Categories: U.S. and Canada

Taxes hit the 99% the hardest

The past few years have seen a multitude of protests on income inequality, decrying how the 1% makes so much more than the 99% and how this injustice creates vast inequality, social divisions and growing class anger.

Taxes — local, state and federal — fall disproportionately hardest on people with smaller incomes. But the whole structure of the tax system in the United States is so complicated and so fragmented that it is hard to see what is going on.

On Jan. 14, the Institute on Taxation and Economic Policy released its fifth “Who Pays?” report on state and local taxes. Its conclusion is stark: On average, the tax rate for the poorest 20 percent of U.S. residents is twice that of the richest 1 percent. (

The way many states have configured their tax system — where the percentage of income paid in taxes doesn’t depend on one’s income and the state depends on consumption taxes — makes this problem worse.

There are 10 states where the poorest 20 percent pay up to seven times as much of their income in taxes as the 1%. Washington state is the most regressive, followed by Florida, Texas, South Dakota, Illinois, Pennsylvania, Tennessee, Ari­zona, Kansas and Indiana.

Another egregious aspect of the U.S. tax system is that income obtained from wealth goes under the rubric of capital gains and is more lightly taxed than income earned by working. Almost all wealth income belongs to the top 10 ­percent.

Many of the attempts to make these tax systems fairer and less burdensome have helped, but at the cost of making an already complicated system more so. Calls for simplifying it generally lead to putting more of a burden on the lowest paid.

Other taxes on the poor

Not everyone may pay federal income taxes, but they certainly pay payroll taxes on all their income — that is, Social Security and Medicare taxes. However, someone making more than $500,000 a year pays these taxes on only about 20 percent of their income, since these taxes are capped at $118,500 in 2015.

There is a federal excise tax, currently $0.184, on every gallon of diesel oil and gasoline sold in the U.S.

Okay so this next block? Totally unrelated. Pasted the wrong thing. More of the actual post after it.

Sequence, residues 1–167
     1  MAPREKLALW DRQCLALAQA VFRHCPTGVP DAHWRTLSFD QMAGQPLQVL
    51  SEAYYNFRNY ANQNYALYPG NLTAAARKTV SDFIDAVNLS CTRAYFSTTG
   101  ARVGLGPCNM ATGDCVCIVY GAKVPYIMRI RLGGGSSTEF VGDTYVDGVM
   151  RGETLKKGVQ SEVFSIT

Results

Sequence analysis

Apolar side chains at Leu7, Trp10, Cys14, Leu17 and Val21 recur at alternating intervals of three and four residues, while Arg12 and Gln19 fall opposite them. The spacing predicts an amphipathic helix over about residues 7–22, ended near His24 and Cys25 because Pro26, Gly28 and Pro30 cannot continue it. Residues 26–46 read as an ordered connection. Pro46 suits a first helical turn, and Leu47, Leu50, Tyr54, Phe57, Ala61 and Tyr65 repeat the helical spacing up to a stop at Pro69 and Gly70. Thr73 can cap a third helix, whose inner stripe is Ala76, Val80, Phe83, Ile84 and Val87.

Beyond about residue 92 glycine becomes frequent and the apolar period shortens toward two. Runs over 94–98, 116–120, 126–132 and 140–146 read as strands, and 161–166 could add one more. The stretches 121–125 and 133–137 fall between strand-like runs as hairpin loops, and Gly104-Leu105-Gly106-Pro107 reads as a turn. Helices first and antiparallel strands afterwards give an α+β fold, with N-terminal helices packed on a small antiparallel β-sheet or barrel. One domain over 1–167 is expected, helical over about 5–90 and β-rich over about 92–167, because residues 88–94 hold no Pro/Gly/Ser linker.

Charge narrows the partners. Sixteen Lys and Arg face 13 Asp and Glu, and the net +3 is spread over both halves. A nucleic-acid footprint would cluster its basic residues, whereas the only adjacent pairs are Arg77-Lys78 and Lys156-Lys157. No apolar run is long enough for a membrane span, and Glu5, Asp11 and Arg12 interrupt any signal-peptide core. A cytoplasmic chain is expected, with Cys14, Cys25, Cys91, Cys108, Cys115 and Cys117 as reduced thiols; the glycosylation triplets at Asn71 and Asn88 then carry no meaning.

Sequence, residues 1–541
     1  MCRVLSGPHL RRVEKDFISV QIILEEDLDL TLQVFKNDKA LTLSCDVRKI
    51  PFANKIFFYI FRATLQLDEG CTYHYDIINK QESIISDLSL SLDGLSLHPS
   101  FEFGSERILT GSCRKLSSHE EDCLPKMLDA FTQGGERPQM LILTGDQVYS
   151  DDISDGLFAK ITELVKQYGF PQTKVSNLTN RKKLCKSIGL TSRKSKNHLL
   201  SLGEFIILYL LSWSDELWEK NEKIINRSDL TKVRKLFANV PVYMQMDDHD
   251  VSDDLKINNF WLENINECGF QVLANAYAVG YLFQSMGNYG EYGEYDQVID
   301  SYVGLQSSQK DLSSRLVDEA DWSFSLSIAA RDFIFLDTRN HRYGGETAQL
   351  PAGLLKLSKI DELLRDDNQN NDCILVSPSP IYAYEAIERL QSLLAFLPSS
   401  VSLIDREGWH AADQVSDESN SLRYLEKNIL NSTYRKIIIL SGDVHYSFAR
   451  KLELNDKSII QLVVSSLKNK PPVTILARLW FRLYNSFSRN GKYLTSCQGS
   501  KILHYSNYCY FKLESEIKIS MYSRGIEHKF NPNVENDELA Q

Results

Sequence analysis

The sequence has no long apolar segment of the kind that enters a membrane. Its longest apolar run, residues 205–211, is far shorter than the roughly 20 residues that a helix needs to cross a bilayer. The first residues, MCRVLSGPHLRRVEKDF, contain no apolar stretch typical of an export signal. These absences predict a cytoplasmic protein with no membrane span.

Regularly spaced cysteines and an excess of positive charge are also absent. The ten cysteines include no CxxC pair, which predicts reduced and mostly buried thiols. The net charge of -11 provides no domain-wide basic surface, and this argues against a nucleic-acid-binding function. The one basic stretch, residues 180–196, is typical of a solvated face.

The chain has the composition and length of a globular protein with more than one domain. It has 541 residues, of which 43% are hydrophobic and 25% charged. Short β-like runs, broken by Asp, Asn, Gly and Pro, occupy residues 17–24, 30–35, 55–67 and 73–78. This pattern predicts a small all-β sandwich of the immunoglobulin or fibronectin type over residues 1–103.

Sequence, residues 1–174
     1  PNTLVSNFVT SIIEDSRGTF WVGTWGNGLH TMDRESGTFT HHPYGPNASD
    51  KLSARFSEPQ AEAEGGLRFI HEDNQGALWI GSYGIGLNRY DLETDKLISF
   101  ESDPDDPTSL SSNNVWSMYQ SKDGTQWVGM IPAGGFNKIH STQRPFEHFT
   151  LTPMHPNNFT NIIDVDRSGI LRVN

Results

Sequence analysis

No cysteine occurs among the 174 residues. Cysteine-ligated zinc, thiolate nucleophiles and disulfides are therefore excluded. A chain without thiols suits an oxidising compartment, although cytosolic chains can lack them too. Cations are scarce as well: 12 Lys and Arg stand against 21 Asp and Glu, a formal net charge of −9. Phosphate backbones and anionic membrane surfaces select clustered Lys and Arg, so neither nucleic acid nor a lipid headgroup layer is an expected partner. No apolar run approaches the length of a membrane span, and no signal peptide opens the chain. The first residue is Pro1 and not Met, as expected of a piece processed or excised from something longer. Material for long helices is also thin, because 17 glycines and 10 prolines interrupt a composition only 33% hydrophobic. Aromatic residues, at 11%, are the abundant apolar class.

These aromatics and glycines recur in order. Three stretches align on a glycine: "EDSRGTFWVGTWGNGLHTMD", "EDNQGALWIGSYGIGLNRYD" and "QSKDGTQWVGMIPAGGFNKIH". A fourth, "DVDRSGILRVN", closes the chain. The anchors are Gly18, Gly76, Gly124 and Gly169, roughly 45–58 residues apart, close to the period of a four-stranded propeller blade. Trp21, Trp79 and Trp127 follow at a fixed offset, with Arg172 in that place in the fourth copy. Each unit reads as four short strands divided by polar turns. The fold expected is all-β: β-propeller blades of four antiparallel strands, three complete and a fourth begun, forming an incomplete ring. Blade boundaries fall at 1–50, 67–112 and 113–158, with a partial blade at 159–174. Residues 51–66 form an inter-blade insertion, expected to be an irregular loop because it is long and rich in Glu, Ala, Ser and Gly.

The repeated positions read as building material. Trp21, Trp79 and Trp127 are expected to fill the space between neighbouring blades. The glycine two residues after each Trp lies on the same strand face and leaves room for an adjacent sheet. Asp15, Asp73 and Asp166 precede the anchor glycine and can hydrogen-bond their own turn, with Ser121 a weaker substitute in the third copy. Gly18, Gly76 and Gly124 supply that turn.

Allowing mortgage interest payments to be a tax deduction, a major benefit for homeowners, is another way the federal tax system works against poorer people, many of whom rent because they don’t have the money to buy.

The 50 states and the District of Columbia each have their own tax code, and each state has its own city and local governments, some of which have their own tax codes.

Each state also has its own excise taxes on fuel, cigarettes, alcohol and tobacco, which affect low-wage earners more than the better off, since they are flat taxes. Sales taxes are another form of taxation with a disproportionate effect on low-wage earners.

G. Dunkel

Published by
G. Dunkel

Recent Posts

Palestinian Resistance breaks morale of Israel’s military

Eleven members of the Israel Occupation Forces died June 15 in a blast of a…

June 19, 2024

Workers World congratulates Nicaragua on 45th anniversary of the Sandinista Revolution

Long before the Sandinista National Liberation Front liberated Nicaragua from the Somoza dictatorship and Yankee…

June 19, 2024

The legacy of Juneteenth

The following article was originally posted at on June 20, 2022. Juneteenth 2024 marks…

June 19, 2024

Leonard Peltier parole hearing update

The Leonard Peltier Official Ad Hoc Committee posted this statement from Peltier’s attorneys on June…

June 19, 2024

People’s Pride Coalition demands: Cut ties to pro-Israel weapons maker!

Thousands of people turned out on June 2 for the annual Pride festival and parade…

June 19, 2024

PFLP calls for international committee to investigate crimes against Palestinian detainees

The following statement on Zionist crimes and horrific violations in the "Sde Teman" camp against…

June 17, 2024